REWIND    Let's go back to North's opening lead. Hearts and clubs are unattractive leads, and actually diamonds aren't that attractive either - partner only bid them when forced, so there's a good chance declarer has the K anyway. So maybe the most attractive lead is the only suit left: trumps.

Supposing North leads a trump. How does it go? 

  • West wins, but now she has to lead diamonds TWICE to get her ruff. Let's try it anyway. She leads a diamond.
  • North wins and leads another trump.
  • West wins and leads her 2nd diamond. Not looking so good now, is it?
  • South wins and leads a 3rd round of trumps, denuding dummy of its last trump.

And now, even if the hearts go well (which they do) West can only make 8 tricks. She loses a heart, a club and THREE diamonds.

Conclusion

It's a typical suit-contract race. Declarer wants to create a void and ruff in the short trump hand before she runs out of trumps. The defence want to run her out of trumps before she can take the ruff. And on this hand, as it happens, an opening trump lead is the only way - a diamond lead just gives declarer a head start.

[The no trump version of this race, of course, is declarer wanting to knock out defender's high cards in her best suit before she has to give up her stops, while the defenders want the exact opposite: and the opening lead is often crucial in gaining a tempo or giving one to declarer.]

In Box and Bath

In Box, most pairs were allowed to stop in 2♠, and all made 9 tricks (one made 10!). Alarmingly, three Norths started with the ♣5, giving a quite unnecessary trick to West's singleton ♣K - it's a perfect example of why you don't 'lead away from an Ace' against a suit contract. One NS pair played in 3 and made it (for 110). So even going one off, 3♠ is a good result for EW, costing only 50 points.

In Bath, 8 pairs were in 2and 2 were in 3♠: 7 out of 10 Norths led a trump, which mostly kept declarer to just 8 tricks. No one led the 5! The other two were in 3 by NS, making 10 tricks.

Hand of the week 29 August 2018

Make 'em guess

What a lovely 8-card diamond suit. Trouble is, your partner probably doesn't have much to go with it, as East has opened and West has raised her to the 3 level. What to do?

3NT is an attractive thought, isn't it? If East is kind enough to lead a spade round to your ♠K, you have your spade trick, which, added to your 8 tricks in diamonds, comes to 9. Tempting. BUT ... there's no reason to suppose that East wants to be kind. Instead, missing the King, she'd do better to get the lead to her partner, who will lead a spade through your ♠K (rather than round to it) and take you screaming off.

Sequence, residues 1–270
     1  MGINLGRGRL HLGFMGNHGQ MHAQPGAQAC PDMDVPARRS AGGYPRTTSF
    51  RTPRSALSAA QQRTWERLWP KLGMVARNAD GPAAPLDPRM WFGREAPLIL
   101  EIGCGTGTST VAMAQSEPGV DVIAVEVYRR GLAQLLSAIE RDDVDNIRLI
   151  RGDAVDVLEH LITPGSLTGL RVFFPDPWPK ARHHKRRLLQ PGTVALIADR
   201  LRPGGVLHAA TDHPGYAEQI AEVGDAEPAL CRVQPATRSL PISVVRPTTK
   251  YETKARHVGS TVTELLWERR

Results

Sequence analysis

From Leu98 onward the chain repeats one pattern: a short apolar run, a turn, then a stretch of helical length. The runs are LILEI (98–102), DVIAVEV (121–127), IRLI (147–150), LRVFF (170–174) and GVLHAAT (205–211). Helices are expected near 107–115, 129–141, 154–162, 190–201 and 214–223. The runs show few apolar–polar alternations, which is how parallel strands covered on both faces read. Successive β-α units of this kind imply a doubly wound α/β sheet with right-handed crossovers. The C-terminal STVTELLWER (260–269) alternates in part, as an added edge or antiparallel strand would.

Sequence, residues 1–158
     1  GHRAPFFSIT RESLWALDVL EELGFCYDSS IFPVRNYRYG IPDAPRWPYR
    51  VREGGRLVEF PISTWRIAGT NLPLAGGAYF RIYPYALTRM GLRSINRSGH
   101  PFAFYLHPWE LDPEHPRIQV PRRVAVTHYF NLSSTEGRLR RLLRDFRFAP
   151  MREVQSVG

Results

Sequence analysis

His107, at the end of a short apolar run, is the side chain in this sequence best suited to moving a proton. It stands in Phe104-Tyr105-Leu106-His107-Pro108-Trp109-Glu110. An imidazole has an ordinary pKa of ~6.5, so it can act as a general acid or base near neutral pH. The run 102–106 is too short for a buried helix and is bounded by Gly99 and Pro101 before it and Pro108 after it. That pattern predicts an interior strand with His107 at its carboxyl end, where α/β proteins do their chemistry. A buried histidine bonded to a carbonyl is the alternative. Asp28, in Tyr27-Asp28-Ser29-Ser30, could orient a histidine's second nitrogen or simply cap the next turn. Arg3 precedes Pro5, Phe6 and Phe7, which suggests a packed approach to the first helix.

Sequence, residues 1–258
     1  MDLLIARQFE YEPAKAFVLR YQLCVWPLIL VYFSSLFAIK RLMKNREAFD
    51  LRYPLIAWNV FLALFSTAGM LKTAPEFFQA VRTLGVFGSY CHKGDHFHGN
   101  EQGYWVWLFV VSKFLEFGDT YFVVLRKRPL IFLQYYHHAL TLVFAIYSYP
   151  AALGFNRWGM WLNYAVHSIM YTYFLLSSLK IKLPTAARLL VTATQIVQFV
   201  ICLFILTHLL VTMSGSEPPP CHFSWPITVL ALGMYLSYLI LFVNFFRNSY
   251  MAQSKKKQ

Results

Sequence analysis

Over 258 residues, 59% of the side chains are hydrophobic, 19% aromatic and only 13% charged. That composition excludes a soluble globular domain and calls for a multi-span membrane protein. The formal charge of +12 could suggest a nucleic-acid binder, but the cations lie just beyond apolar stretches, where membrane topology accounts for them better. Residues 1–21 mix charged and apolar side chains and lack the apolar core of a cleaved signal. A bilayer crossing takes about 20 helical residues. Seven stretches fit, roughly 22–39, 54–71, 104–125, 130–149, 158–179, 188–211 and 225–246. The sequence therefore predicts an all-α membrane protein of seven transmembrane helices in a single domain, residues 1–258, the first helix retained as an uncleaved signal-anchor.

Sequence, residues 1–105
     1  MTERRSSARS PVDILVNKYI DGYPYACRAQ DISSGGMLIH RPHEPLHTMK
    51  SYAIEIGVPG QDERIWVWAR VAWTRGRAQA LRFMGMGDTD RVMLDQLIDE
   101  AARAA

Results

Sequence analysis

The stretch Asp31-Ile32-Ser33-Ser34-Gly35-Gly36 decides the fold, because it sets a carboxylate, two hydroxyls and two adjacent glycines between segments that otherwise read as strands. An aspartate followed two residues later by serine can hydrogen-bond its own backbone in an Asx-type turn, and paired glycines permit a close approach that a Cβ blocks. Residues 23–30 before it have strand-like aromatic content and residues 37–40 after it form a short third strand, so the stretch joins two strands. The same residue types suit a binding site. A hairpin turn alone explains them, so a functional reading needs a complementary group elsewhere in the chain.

Better to stick with the diamonds, then. But how many? 4 or 5? My preference is the latter. It rules out 4♠ and puts EW right on the spot. Do they pass? Do they double? Or do they punt 5♠? They simply have to guess.
 

What happens?

Have a look at the whole deal. You'll see that 4♠ by East makes comfortably, declarer losing just one diamond and two clubs. So what of the other possibilities? 

How do you do in NT? Well, as we thought, on a spade lead from East you're home and dry. But what if East starts with the A (dropping declarer's Queen) and continues with a small heart? West takes two heart tricks, then leads a spade for four off. Ouch.

What about 5X (which East will of course double in her sleep)? It's a good sacrifice, as it goes only two off for -300: declarer loses a heart, a club and two spades. But note that just as an opening spade lead from East is disastrous against 3NT, so it is against 5X, as North will now only go one off for -100. It's generally a bad idea to lead from AQ unless you're sure that partner has the King.

Note also that EW can't make 5♠. If they punt it, NS just shut up shop and defend, taking +50 for an absolute top.

And one very final note: with just 6 points, many Wests will (not wrongly) just raise partner's opening bid to 2♠. But with only 8 losers, it isn't wrong to make the more positive 3♠ response either: that's what the Losing Trick Count is for, after all!

In Box and Bath

In Box, all five NS pairs were in diamonds (4, 5 or in one case 6!), but 3 of them got lucky as they got a spade lead. Only one pair, however, was kept to just 9 tricks.

The defence didn't do much better in Bath. One North got away with an unmakeable 3NT on the lead of the ♠A. Most of the other 10 pairs were in diamonds, but only TWO were kept to 9 tricks. One was even allowed to make 5X - how I'm not sure.

   The previous featured hand – It's that Holy Grail (yet again) – is now on the Basic bidding Improvers' Page.   
Results
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Director: Trevor
Scorer: Trevor
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Director: Trevor
Scorer: Trevor
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Director: Trevor
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Director: Chris
Scorer: Chris
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Director: Chris
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Calendar
Wed 26th Sep 2018
Play & Learn
Director: Trevor
Scorer: Trevor
Wed 3rd Oct 2018
Play & Learn
Director: Trevor
Scorer: Trevor
Wed 10th Oct 2018
Play & Learn
Director: Trevor
Scorer: Trevor
Wed 17th Oct 2018
Play & Learn
Director: Chris
Scorer: Chris
Wed 24th Oct 2018
Play & Learn
Director: Chris
Scorer: Chris
Wed 31st Oct 2018
Play & Learn
Director: Chris
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Wed 7th Nov 2018
Play & Learn
Director: Chris
Scorer: Chris